Nginx lacks the ability to process dynamic content out of the box. To handle PHP and other requests for dynamic content, Nginx must passed to a free standing processor like PHP-FPM, be processed then sent back to Nginx. The results are then presented to the end user.

This tends to complicate things slightly, especially when trying to anticipate the number of connections to allow, and if you have never had to properly resource plan at scale, this can be very tricky to get right.

With the previous in mind, Nginx does have a hidden advantage here. Since the language interpreter is not baked in the worker process, its overhead will only be present for content that needs to be processed dynamically. Static content can be served as is, and the language interpreter will only be called up when needed. This saves some serious overhead at scale. Apache can function in this manner to a certain degree, but doing so requires advanced tinkery and can cause problems down the road with teams that need to troubleshoot the server.

Non HTTP Features

Apache and Nginx can both be used as load balancers, but one does this job way better than the other. Getting Apache load balancing to work correctly is difficult at best, and you still have issues with the high memory footprint of Apache. Nginx, on the other hand, was mainly geared to do load balancing, and you have a lot of options that you can configure. You can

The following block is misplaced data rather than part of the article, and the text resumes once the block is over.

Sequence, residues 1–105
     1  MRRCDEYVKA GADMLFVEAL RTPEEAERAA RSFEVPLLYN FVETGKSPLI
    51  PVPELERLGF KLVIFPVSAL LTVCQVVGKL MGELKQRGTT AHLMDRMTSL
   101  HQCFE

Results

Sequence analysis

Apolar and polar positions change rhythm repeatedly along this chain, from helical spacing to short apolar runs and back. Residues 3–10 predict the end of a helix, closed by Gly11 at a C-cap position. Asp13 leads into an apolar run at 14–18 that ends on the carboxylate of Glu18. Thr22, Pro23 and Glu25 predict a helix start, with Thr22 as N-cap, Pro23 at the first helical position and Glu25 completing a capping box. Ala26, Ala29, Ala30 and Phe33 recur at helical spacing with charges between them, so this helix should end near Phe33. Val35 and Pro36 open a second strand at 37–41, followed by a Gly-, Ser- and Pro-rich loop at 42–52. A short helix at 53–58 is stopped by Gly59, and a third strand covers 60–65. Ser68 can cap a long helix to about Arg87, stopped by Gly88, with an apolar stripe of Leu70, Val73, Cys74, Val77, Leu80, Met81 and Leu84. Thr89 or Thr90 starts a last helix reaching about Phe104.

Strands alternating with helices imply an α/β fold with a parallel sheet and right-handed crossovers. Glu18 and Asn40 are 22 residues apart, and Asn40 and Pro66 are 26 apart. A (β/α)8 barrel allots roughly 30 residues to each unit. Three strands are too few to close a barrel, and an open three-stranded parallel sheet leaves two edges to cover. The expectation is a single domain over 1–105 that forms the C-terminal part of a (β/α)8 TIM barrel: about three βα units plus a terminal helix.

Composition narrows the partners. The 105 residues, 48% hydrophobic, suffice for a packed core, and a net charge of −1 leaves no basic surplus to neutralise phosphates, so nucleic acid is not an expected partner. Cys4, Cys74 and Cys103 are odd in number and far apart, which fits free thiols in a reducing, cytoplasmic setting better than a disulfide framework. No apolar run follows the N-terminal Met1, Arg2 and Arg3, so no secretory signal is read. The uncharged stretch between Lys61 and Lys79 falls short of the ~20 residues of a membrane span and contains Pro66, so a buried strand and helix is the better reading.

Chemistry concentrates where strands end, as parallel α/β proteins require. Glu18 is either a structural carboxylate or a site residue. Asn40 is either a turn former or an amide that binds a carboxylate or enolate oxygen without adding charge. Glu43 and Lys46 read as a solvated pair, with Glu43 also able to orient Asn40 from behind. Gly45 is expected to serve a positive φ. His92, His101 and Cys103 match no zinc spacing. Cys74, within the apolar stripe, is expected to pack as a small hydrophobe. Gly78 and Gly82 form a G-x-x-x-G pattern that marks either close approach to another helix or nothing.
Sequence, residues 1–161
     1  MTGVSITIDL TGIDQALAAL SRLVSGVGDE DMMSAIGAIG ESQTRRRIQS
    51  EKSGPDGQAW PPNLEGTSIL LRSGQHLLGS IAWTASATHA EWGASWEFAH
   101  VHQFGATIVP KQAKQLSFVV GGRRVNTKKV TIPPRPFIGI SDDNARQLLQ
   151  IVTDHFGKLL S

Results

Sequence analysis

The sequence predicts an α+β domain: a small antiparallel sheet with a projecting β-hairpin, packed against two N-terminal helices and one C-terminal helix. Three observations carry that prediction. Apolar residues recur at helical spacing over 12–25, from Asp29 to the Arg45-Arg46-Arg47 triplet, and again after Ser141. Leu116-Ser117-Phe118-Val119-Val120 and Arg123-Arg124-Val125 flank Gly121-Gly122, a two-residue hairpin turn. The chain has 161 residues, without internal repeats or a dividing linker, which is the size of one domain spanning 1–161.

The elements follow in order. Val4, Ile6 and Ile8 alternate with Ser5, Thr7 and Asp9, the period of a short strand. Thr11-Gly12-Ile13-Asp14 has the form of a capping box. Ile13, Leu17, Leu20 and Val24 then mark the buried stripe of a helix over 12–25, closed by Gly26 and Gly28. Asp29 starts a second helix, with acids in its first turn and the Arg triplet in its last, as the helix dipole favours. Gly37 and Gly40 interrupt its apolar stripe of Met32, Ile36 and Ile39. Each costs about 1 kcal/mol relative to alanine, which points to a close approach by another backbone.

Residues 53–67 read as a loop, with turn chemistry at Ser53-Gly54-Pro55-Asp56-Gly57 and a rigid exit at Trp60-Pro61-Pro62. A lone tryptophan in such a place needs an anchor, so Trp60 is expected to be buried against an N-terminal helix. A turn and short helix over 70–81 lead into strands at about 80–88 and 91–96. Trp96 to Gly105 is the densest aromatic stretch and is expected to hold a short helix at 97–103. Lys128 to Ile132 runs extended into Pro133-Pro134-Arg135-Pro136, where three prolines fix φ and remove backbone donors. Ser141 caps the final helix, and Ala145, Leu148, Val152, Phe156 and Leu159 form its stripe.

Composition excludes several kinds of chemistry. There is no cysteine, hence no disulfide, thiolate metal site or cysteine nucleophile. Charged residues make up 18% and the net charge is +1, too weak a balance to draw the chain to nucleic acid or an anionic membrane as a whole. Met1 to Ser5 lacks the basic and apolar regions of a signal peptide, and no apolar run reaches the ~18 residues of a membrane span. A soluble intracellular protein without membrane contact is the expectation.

• Proxy different traffic types to different servers or ‘backends’
  • Do least load first, round robin or similar load balancing setups
  • More efficient SSL termination. Doing so with Apache can be a nightmare at scale
  • You can get very granular with static asset caching with Nginx, which is why it is the basis of CloudFlare and similar CDN products.

Using Apache and NGINX Together

If you plan to deploy your web application in a containerized manner, this is a common use case.

You can bake your, for instance, PHP application into a docker container based on PHP’s official Docker Hub image, which contains Apache. From there, you can use Nginx in docker to point at your application container, which is wrapped up with the server that it’ll need to present your application to the world.

This has advantages because you let Nginx handle the connections while leaving Apache to work with the dynamic content that you have baked into the container, and let each Nginx and Apache do what they do best. While this can create some technical overhead, there are a lot of places where this is being used to great success. This same model can also be applied to non-container setups.


Both Apache and Nginx are capable offerings. Deciding which is best for your use case is largely dependent on your specific requirements and extensive testing with the patterns that you expect to see.

There is no ‘good for all’ web server, so use the solution that best aligns with your objectives.